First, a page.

8. Lately I've made a few recipes that require diced shallots. For the life of me, I cannot get an even dice. The shallots are just too small, and whats more, the middle part of them keeps slipping out, frustrating my efforts at even chopping. What's the trick to dicing a shallot? I have read that it's "just like dicing an onion" but my onion technique fails utterly when applied to shallots.
  9. Not me, but my brother...who dated a Hungarian girl, and went to visit her family in Budapest. My brother doesn't speak a word of Hungarian, and he was at the supermarket by himself. At a Budapest grocery store, he brought his items to the counter, and they got rang up. The counterperson blithely slid the items past to a bagging area, where they sat while my brother stood on, anticipating her to bag the items for him. After a long pause, my brother grabbed a shopping bag, and, with great exxageration, pantomimed how one bags groceries, for the benefit of the counterperson who dares to not bag groceries for this clueless American. He threw his stuff into two bags and stormed out of the store. He later learned that stores there don't bag groceries, and the bags cost extra.
  10. Hi, I represent a wine- and spirit-oriented club that is aiming to put on a scotch or whisky/whiskey tasting event for our members. What I'm trying to do now is find some qualified person with the knowledge and experience to guide the tasting. How would eGulleters approach this problem? How likely is it we could get a distillery or distributor to sponsor the event? Where does one look for these kinds of people? We are affiliated with an educational institution, so we have a finite budget. I have considered doing a "communal" tasting event, where everyone brings a bottle or something, but I think our group would really benefit from some guidance. This would be in Brooklyn, NYC, and our group is about 300 young professionals interested in wine & spirits. I expect we could easily get 50+ to attend the event if I got everything hashed out.
  11. We want to experience more of the "rustic / country" side of Italy as opposed to the big cities. I'd recommend checking out Piacenza, in addition to whatever else you do in the area. It is a smaller city that is not as heavily touristed, and when I was there last month I had some great meals there.
  12. Here's my contribution from the book: Nyonya chicken and potato stew. Make a paste from shallots & garlic, fry the paste, then add the soybean paste, dark soy sauce, cane juice, and palm sugar. Let simmer. In place of the smaller chicken pieces called for in the recipe I used some leftover frozen chicken wings. I liked this one a great deal and it is definitely one I would make again. It's great for people who are concerned that food from that part of the world will be too spicy for them. This doesn't have any heat or spice, but is still quite flavorful.
  13. I am sold on the simple utility of the Ove Glove. (sound)
  14. Coincidentally, one of my summer projects is to put my spices in order. I've accumulated a lot of random spices since I've tried my hand at Indian food, and from making a few dishes from "Cradle of Flavor." So I have things like whole nutmug, green cardamom pods, turmeric, and garamasala. The yellow labels are from Kalustyan's, a fantastic shop here in New York for hard-to-find spices and ingredients, including galangal and various leaves. I was just there the other day and picked up some grains of paradise because I saw it mentioned on Good Eats and wanted to try it out. (I'm also proud of the hooks I mounted on a vertical pipe using hose clamps from the hardware store)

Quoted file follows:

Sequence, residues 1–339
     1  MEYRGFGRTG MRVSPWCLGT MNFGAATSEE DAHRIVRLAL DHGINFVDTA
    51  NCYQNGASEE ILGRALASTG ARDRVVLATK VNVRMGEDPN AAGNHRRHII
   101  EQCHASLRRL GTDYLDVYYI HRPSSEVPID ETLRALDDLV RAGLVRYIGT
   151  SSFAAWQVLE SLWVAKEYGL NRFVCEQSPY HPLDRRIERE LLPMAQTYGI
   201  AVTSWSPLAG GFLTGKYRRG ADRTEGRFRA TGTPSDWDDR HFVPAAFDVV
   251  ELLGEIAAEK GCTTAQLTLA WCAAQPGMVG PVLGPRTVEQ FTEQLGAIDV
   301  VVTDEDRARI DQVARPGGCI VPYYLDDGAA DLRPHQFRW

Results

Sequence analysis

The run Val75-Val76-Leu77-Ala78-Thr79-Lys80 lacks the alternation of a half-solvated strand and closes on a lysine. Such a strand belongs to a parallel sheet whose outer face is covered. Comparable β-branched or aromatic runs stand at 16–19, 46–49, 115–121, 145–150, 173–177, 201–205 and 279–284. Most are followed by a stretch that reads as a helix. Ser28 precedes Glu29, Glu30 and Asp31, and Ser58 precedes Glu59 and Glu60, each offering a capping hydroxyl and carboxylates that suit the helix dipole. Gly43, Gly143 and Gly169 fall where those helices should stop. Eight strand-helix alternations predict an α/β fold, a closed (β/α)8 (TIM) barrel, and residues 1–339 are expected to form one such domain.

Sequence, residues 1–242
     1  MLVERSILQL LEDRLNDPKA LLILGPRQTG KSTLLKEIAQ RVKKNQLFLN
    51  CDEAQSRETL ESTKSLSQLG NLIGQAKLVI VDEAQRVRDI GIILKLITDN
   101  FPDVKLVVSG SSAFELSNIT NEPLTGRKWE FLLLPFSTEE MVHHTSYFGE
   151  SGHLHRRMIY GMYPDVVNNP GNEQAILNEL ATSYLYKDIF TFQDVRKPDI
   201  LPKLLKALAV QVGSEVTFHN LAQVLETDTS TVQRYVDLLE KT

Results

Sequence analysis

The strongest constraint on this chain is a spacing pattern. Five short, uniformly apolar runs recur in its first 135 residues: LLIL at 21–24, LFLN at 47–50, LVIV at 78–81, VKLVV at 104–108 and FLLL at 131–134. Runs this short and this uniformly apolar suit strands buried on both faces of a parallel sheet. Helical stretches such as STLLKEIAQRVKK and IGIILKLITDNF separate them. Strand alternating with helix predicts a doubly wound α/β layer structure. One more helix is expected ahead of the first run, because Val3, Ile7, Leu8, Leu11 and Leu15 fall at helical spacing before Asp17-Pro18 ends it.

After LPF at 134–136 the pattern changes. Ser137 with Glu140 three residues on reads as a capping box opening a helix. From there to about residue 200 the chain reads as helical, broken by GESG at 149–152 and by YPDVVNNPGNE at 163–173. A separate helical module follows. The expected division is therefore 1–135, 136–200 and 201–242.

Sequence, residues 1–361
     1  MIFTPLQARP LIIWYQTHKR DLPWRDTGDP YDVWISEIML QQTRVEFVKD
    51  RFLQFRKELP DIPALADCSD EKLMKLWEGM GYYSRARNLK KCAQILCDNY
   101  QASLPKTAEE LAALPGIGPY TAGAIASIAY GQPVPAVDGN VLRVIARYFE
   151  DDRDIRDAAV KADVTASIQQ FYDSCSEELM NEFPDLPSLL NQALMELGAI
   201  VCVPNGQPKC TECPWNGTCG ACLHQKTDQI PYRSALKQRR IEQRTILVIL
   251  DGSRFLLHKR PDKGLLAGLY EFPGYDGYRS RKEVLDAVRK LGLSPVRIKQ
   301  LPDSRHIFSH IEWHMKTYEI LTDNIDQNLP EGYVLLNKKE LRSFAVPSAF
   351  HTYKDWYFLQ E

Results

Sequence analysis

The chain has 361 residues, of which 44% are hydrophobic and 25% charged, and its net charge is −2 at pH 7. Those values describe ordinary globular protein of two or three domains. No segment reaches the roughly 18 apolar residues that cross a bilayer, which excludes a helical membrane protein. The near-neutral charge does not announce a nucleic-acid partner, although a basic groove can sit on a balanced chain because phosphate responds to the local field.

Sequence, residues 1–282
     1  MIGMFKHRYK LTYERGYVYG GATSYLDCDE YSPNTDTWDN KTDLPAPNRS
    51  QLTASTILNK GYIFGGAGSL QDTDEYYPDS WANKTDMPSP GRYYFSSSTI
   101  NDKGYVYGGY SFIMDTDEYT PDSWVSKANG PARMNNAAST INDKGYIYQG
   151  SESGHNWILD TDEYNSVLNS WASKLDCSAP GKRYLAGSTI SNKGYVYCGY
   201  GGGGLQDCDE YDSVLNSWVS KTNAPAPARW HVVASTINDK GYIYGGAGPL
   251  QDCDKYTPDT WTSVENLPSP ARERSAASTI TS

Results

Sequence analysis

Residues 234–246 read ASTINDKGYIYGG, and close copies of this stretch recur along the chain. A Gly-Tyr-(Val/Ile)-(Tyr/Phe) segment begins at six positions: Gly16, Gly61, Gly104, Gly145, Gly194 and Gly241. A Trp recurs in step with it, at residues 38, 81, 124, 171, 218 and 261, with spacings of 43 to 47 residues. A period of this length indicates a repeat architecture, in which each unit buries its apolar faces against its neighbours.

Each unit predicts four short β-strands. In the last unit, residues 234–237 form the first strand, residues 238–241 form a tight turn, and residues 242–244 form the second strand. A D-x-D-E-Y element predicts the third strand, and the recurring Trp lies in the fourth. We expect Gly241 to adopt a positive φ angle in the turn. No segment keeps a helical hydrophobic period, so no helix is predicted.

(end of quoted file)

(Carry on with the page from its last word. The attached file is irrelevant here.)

15. As Nathan noted, correlation is not causation. From the article you linked to (in case someone disbelieves the FDA, here's the European authorities speaking to the point): After thoroughly reviewing Ramazzini data from a previous study, the European Food Safety Authority’s (EFSA) Scientific Panel on Food Additives, Flavourings, Processing Aids and Materials in Contact with Food (AFC) stated in May, 2006, “In its opinion published today, the Panel concluded, on the basis of all the evidence currently available, that there is no need to further review the safety of aspartame nor to revise the previously established Acceptable Daily Intake (ADI) for aspartame (40 mg/kg body weight).” I think whatever risk there may be pales in comparison to the risks from smoking, alcohol, and red meat.
  16. I did notice that in his recipe he calls for 10 pounds of bones (veal, chicken, beef) cut into 2-inch pieces. My butcher winced when I asked for them cut that way, since that is a lot of cutting of big irregular bones into teeny pieces. I think they wound up about 4 inches on average. I mention it because I wonder if the difference in surface area would have made a significant difference. Maybe compensate with more bones? The stock definitely went down about 1/15 of its original volume
  17. Hi, I'm working through "Jacques Pepin's Techniques," and I've just made my second go at making demiglace from scratch. His recipe includes 10 pounds of bones simmered for 10 hours, and after the whole thing is reduced, it's supposed to result in this semisolid gelatinous mass that can be cut with a knife (as shown in a photo in the book). I can't get my demiglace to form up anything near that solid--the best I can do is a very thick liquid. What am I doing wrong? Is it customary to add arrowroot or cornstarch to make a demiglace of the right consistency?